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    Developer Sues Whole Foods over Halted Seattle Store Project

    The chain has been pulling back expansion plans this year, after less-than positive third quarter earnings, but had claimed that Seattle store would proceed.

    A Seattle developer is suing Whole Foods Market for $67.9 million in damages because it has stopped construction on a new unit planned as the anchor for a project in Seattle's Interbay neighborhood.

    The developer of the Interbay Urban Center project, TRF Pacific, said the Austin, Texas-based natural grocer has not responded to the lawsuit. Whole Foods declined to comment on the suit for an article in the Seattle Times. On its Web site, the chain stills lists the stores as "in development."

    Whole Foods said in August it would proceed with plans for new stores at Interbay and West Seattle, even though it scaled back new-store openings after a third quarter drop in profit.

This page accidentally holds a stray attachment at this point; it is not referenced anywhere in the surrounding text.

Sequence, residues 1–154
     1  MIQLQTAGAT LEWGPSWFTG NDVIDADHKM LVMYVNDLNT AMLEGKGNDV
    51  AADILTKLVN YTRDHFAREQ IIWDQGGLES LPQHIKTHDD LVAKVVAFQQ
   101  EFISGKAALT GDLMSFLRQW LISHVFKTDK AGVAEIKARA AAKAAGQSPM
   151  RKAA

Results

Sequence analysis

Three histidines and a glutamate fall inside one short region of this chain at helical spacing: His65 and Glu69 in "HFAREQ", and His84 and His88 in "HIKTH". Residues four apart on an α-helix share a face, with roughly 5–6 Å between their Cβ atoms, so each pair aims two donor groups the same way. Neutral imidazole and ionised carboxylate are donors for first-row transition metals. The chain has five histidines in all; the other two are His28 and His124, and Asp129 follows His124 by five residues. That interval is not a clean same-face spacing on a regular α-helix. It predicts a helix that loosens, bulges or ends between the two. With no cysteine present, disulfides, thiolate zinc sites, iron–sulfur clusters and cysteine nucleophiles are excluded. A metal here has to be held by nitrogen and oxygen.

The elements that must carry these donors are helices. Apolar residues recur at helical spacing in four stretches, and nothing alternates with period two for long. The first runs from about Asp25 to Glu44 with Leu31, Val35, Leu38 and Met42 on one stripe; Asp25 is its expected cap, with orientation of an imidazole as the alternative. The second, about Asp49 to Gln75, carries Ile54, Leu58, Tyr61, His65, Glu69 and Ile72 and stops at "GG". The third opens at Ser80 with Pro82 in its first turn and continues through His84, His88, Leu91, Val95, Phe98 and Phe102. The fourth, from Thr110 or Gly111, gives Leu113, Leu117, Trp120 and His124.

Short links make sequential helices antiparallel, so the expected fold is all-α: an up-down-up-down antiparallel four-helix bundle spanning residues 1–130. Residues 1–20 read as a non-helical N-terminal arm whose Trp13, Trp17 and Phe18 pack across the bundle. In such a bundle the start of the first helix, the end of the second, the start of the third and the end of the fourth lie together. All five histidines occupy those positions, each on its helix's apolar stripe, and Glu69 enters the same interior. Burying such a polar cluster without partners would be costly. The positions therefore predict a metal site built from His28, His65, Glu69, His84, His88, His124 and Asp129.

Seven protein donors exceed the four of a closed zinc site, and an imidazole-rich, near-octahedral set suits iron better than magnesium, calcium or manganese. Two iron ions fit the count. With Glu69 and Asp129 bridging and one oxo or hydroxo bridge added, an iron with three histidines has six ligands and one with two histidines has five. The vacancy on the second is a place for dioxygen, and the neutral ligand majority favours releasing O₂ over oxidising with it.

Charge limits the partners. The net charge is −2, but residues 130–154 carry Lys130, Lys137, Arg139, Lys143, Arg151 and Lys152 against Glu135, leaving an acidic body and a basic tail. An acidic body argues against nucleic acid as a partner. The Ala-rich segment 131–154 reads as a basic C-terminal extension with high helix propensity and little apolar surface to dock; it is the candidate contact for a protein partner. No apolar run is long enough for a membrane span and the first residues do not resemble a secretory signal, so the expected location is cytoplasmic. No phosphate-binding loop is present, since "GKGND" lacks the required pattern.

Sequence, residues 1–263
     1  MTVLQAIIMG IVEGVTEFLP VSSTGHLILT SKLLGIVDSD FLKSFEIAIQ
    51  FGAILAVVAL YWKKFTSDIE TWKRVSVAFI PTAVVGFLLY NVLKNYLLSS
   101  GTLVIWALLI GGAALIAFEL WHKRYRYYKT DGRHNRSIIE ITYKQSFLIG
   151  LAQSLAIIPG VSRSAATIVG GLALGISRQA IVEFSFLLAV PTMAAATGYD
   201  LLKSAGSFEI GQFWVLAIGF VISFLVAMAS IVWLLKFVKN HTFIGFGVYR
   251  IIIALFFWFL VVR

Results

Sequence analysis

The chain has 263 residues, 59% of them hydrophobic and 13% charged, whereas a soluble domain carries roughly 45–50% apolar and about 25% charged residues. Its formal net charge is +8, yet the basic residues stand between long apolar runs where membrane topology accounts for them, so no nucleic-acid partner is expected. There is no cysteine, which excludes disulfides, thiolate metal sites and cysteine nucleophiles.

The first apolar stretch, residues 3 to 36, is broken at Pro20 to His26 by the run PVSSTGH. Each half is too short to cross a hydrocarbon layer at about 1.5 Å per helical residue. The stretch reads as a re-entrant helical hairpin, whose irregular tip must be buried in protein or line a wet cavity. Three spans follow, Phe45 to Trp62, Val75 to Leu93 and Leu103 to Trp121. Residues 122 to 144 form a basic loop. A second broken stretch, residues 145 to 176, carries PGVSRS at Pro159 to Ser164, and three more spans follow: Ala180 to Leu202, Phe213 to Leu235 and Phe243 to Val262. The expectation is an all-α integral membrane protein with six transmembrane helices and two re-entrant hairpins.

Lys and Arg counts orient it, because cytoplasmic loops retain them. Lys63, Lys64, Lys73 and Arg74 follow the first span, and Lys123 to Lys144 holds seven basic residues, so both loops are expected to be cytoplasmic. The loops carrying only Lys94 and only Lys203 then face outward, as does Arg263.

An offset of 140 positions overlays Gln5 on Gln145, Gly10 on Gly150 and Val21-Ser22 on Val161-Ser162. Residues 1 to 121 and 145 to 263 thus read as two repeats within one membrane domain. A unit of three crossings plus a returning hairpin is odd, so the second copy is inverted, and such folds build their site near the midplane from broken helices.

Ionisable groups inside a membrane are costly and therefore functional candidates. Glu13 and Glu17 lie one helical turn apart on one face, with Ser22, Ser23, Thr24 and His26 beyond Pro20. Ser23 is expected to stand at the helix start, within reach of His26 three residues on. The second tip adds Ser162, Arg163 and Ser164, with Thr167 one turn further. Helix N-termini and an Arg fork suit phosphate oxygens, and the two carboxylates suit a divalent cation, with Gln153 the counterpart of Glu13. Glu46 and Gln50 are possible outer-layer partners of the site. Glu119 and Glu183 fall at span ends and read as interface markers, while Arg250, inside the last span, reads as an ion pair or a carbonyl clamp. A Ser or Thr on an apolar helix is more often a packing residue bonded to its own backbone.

In the suit, TRF Pacific, which completed two other stores for the natural/organic grocer, accuses Whole Foods of breach of contract. When construction halted, Whole Foods told TRF that sales projections required shrinking the store from 60,000 square feet to about 40,000 square feet, according to the lawsuit. The chain delayed the store opening from Dec. 2008 to Oct. or Nov. 2009 due to cash flow problems, said TRF. In September, a week before TRF was scheduled to turn over the building shell to Whole Foods, the grocer told the developer it was terminating its lease due to TRF's failure to satisfy unspecified conditions in their agreements, the lawsuit said.

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